Some readers love to have every detail of a scene described to them, from the colour of a sofa to the smell of the room. Other readers want everything left to their imagination except the dialogue and action. This is subjective and OPINION. It is all opinion. Everyone has an opinion. Everyone also has a mood. Sometimes you read a book and it doesn’t gel, perhaps just because you’re not in the right mood. Everyone else might be raving about it and you feel so bad because you can’t see it! Perhaps coming back to it at a later date will help.

There are even readers who cannot stand the writers they love in real life, but they just love the stories they write. Bizarre? It proves to me it’s not always about likeability or popularity. I always thought the whole point of being a writer anyway was that you didn’t want to be an actor or a model or any kind of public figure but you wanted to put out great stories, so you spent your time behind a keyboard rather than in front of a camera! That is what pseudonyms were invented for. Right? Hmm.

It is important to remember it is only FICTION.

More important is this: EASY READING IS DAMN HARD WRITING. Most readers read to escape. I am one of those. I love a book to wrap me up in its clutches and swaddle me until the final word. I want to have everything taken care of and not be forced to move while I immerse myself in someone else’s work. Which is strange, again, because the books I write aren’t always those kinds of books. Speaking to someone the other day who I know does a particularly stressful job, they said to me, “I don’t want to think when I read a story or see a movie… I want stupidity and nonsense to pervade my brain!” It made me smile, it was just another reminder… not everyone wants the same things from a book/film.

It’s strange also that even though I’m a writer, it’s not my most natural inclination. I was always better with numbers at school, like, much better. My daughter’s first report home from nursery school showed me she also has this early ability with numbers and her grasp of computers at three years old is crazy. So perhaps these skills of mine explain to some extent why I often write puzzles, why I see stories as equations, why the meat doesn’t go on the bones until I have the equation laid out! Seriously, don’t ever step inside my head, it’s really scary! Not everyone is going to get what I do, what I’m about, and that is one of the hardest things to accept as a writer and is yet your simplest and most powerful tool.

They say life is for learning and this year, I haven’t stopped learning—from my mistakes, from other people’s and more importantly, from the things we’ve all done right. The things we do right are the things that don’t teach us anything new but do teach us how to move forward. Moving forward is something we all need to do and separating from the babies we create in our books is hard, but must be done.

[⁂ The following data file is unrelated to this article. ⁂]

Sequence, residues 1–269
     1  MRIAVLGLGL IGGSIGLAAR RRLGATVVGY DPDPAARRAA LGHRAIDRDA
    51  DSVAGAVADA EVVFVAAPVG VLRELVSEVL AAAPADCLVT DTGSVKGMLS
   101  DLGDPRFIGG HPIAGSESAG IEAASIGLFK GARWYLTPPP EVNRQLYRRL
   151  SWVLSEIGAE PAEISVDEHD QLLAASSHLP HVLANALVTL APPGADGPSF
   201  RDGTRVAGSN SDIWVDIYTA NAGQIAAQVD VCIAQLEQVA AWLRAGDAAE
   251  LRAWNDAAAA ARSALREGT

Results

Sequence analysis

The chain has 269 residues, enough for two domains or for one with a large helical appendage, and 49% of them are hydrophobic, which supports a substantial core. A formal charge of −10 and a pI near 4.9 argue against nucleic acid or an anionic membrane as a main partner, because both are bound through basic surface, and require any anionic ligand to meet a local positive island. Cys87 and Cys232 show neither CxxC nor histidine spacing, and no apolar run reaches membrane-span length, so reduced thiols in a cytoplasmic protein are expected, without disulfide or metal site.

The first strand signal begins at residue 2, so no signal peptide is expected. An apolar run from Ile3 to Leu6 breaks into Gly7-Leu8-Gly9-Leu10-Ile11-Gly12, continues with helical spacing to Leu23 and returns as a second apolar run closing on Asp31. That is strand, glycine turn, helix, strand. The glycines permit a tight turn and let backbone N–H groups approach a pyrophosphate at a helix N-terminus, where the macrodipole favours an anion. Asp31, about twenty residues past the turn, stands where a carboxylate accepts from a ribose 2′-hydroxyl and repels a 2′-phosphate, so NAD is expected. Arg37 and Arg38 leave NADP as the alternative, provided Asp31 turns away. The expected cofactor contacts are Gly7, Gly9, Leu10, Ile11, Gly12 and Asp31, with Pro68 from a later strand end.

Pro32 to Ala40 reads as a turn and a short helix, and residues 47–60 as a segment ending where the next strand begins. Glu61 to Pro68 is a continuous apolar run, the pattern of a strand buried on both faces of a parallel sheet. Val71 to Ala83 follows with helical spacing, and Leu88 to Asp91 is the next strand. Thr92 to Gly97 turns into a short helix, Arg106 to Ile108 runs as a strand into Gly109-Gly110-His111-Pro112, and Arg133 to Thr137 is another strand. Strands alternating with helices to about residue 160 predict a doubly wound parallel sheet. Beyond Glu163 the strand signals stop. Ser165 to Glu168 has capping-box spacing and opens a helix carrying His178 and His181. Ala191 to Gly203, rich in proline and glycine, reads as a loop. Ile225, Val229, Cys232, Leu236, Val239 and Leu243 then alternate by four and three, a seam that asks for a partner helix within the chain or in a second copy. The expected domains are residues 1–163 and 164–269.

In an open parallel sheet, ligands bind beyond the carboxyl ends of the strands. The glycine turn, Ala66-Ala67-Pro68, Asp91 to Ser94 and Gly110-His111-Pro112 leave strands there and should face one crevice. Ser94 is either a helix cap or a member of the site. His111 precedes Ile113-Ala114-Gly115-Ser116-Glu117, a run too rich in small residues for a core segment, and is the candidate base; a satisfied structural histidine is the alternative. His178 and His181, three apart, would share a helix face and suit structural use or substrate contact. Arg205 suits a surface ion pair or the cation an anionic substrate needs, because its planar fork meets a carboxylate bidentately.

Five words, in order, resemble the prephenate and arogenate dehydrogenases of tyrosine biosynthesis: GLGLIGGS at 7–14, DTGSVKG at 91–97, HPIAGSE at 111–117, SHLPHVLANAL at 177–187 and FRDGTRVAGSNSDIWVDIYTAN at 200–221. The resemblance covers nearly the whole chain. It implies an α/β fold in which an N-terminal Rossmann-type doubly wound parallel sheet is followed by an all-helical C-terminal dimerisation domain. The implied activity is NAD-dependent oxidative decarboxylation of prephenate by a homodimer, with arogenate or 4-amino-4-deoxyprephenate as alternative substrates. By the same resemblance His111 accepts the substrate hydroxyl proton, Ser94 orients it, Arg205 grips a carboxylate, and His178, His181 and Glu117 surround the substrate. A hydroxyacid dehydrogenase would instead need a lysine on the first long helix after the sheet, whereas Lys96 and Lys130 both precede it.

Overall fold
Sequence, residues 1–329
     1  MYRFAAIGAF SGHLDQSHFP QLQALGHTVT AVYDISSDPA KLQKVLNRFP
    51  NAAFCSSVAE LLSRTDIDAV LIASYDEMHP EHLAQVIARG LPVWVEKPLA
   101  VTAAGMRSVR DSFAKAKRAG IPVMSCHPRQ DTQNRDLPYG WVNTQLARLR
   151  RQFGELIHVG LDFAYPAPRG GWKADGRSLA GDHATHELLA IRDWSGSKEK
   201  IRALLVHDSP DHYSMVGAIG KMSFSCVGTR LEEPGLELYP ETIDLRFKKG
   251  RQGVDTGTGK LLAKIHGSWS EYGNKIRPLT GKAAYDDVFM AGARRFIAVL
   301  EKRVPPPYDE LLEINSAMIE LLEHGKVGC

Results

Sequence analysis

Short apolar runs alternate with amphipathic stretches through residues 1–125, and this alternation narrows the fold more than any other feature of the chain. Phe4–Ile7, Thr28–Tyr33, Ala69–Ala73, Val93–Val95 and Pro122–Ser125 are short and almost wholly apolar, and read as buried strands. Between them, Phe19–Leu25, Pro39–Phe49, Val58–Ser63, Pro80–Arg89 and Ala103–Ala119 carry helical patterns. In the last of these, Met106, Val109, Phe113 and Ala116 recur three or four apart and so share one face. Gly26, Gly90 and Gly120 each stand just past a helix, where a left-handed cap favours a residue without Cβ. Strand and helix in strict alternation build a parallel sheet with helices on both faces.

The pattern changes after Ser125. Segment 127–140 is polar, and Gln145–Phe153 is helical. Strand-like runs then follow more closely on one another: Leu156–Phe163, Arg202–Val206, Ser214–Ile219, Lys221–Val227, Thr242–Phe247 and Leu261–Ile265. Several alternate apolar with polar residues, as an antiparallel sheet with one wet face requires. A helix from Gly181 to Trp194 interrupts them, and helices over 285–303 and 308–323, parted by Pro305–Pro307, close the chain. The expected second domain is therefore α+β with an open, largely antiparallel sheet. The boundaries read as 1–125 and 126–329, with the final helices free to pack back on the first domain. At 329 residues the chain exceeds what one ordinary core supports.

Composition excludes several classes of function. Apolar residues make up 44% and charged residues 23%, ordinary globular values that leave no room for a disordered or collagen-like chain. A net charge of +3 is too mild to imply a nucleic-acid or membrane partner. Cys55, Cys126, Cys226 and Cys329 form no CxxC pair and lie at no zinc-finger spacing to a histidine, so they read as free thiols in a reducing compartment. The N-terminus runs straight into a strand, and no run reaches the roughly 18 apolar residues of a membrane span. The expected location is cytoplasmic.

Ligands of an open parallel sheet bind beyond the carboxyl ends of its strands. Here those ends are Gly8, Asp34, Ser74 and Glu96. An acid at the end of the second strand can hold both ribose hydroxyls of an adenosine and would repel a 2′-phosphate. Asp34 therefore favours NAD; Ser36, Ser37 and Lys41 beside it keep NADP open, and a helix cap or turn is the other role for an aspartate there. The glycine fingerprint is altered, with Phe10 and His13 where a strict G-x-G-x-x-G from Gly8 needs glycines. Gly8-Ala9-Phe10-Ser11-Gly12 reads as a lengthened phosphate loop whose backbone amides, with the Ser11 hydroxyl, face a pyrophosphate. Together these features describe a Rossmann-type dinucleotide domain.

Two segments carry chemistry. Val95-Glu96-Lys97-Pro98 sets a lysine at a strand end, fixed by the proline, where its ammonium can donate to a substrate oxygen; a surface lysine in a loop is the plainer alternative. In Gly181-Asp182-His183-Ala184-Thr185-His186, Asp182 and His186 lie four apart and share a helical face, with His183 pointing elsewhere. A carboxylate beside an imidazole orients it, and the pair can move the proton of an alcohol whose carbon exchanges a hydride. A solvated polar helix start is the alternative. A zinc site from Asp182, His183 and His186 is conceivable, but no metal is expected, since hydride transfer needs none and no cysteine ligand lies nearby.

A lot of people think writers are mostly crazy people. They are. Most of us are. My social networks are clogged with angry, angry people who are angry, angry, angry about being unheard and unloved. As an editor, I’ve stepped on some shoes (gently) but in the end, my colleagues looked at the end product and knew I was right to tell them how it was. The process always begins and ends with the author. We’re the ones with our names to that work and that is a difficult thing to comprehend. Writers have to be self-editors (without hacking the heart away), conjurors, adventurers, believers, faithful followers, dreamers… the list is inexhaustible. The buck stops with you. So if you don’t agree with an editor, shout up, say why. Compromise if you have to. Tell them no if you feel passionate enough. Argue for what you believe in. Sod them. There are always people around to support, but at the end of the day that book is yours and represents you. Another great tool to have is to be able to take a step back, view your work as a “work” and not a love affair you’ve dreamt up. It is being able to look at it and recognise that other people don’t have a plug into your mind and they need to be able to see all you can see and more. Above all else, listen to your gut. Writing isn’t a science, it’s pretty much a game of contradictions and explosions of mind, but the gut knows. Oh, it knows…!

One thing this year taught me is that writers who write for themselves will never learn but those who write for others’ enjoyment and delight, well, the possibilities are there for the taking and with the right attitude, the future might just hold endless stories…

Happy new year! Always another chance, always…